7 Ways To Coax People Out of the Box in a Virtual World
By Nancy Settle-Murphy

Posted March 08, 2012

Before the latest economic downturn, many of my clients would bring together people from all over the world, put them into a conference room with pots of coffee and carbo-loaded snacks, and kept them there until they emerged with a raft of creative new ideas. Now, with organizations imposing travel bans for most internal meetings, the question becomes: How can we translate this type of high-energy, face-to-face brainstorming experience into a virtual session where we wring innovative ideas out of each person, using a phone and a computer?

This is taken from a piece I wrote with Rich Trombetta, author of “Mustard Doesn’t Grow on Corn” and president of the Innovation Company. We adapted each step of Rich’s NEWIDEA!! process, which promotes seven key behaviors key to innovative thinking, to a virtual environment.

  1. N – No Negativity
    Make sure your first reaction is positive, not negative. Since you can’t use body language to convey an enthusiastic response, affirm the idea with a word or two: “Great.” “Wow.” “Sounds good.” Silence can be construed as criticism when nonverbal cues are absent. Even if you’re not wild about the idea, simply saying “yes” can let the other person know you are listening openly.
  2. E – Encourage the Person
    When a person shares an idea, allow her to fully express what she is trying to contribute. Sometimes a new idea can, quite frankly, sound a little crazy. Resist the temptation to move on to other ideas without probing with a couple of questions to help you tease out key concepts at the heart of her idea. For example: “Now that is a real out-of-the-box idea. What led you to even think of that?” (Note how this statement can encourage your colleague versus this one, which can cause an immediate shut- down: “Sounds really far-fetched. Is that all you have?”)
  3. W – Wait & Listen
    When working remotely, meeting time is typically extremely tight. Make sure to build in time for reflection, ideally by setting up a follow-up session (may be asynchronous or same-time) no more than one or two days after the initial brainstorming session. This gives everyone a chance to absorb the meaning and implications of new ideas and provides an opportunity to ask questions or provide input.
  4. I – Include Input
    Focus on building on your colleague’s idea by using the word “and”‘ instead of “but.” This demonstrates that you’ve been listening intently and that you believe the idea has merit. For example, if your colleague suggests that your company offers a live chat line for customers, your response might be: “Yes, and we can also host monthly virtual customer advisory boards where we can get an even deeper understanding about the problems they’re having.” Much better than: “But a customer advisory board would give us a much better understanding than a chat line.”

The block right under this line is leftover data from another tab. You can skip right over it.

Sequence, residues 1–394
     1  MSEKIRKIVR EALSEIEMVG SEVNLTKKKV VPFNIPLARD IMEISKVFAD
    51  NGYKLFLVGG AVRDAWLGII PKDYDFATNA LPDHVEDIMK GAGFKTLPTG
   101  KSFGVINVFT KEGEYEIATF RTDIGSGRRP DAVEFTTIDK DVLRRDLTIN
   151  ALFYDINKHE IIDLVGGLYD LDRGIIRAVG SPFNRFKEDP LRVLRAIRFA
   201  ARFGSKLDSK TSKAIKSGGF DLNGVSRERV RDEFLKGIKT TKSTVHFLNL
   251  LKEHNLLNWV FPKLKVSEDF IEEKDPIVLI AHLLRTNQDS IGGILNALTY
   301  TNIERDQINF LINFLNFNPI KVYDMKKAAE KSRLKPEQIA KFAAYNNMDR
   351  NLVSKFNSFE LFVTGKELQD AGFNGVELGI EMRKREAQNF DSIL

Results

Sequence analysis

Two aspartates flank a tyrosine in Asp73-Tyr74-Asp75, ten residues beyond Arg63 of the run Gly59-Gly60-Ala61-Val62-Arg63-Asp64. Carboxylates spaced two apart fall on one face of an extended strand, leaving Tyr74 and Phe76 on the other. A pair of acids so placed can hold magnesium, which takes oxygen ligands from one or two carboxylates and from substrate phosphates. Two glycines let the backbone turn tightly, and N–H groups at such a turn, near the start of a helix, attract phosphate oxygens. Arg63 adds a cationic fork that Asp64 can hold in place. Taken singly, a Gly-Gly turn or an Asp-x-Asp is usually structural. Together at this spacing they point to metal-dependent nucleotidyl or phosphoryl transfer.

5. D – Document the Idea
    Thanks to virtual meeting tools, participants can easily capture their own ideas in writing for all to see instantly. Among the benefits: Ideas are uncensored and unfiltered by well- intentioned scribes who may otherwise miss key concepts as they struggle to keep up. People are less inhibited, since they can contribute anonymously. And many more ideas can be generated in far less time, with everyone brainstorming simultaneously, instead of waiting their turn. Plus, people can quickly see the whole range of ideas on the virtual table, which typically inspires a fusillade of yet more ideas.
  6. E – Explore Options
    Once people get their right brains really cranking with great ideas, choices need to be made as to which ideas deserve further exploration. When meeting virtually, team members can take advantage of virtual meeting tools that allow you to prioritize ideas to come up with a short list. Consider setting up a follow-up virtual meeting to do the selection process for a few reasons: Some people have a hard time suddenly making the switch from right brain to left. Participants may want an opportunity to synthesize and organize ideas before voting. And, if only a subset of people will make the decision, setting up a second meeting may spare hurt feelings.
  7. A – Action
    Once you have a short list of winning ideas, you actually have to do something with them, or you will have wasted energy and raised expectations for nothing. The next step might be to flesh out ideas with action plans to back them up before seeking approval from a decision-making body. In other cases, team members may be empowered to implement actions independently. Sometimes an idea may simply be left alone, in which case the action is to do nothing. In any event, be sure to communicate back to the group the disposition of all ideas so people won’t be left hanging.

Adapting this process to a virtual environment takes planning and practice. Start to use some of these techniques in your everyday meetings, and you’ll be rewarded with innovative ideas, even from those who have been reluctant to contribute in the past.

Posted by Nancy Settle-Murphy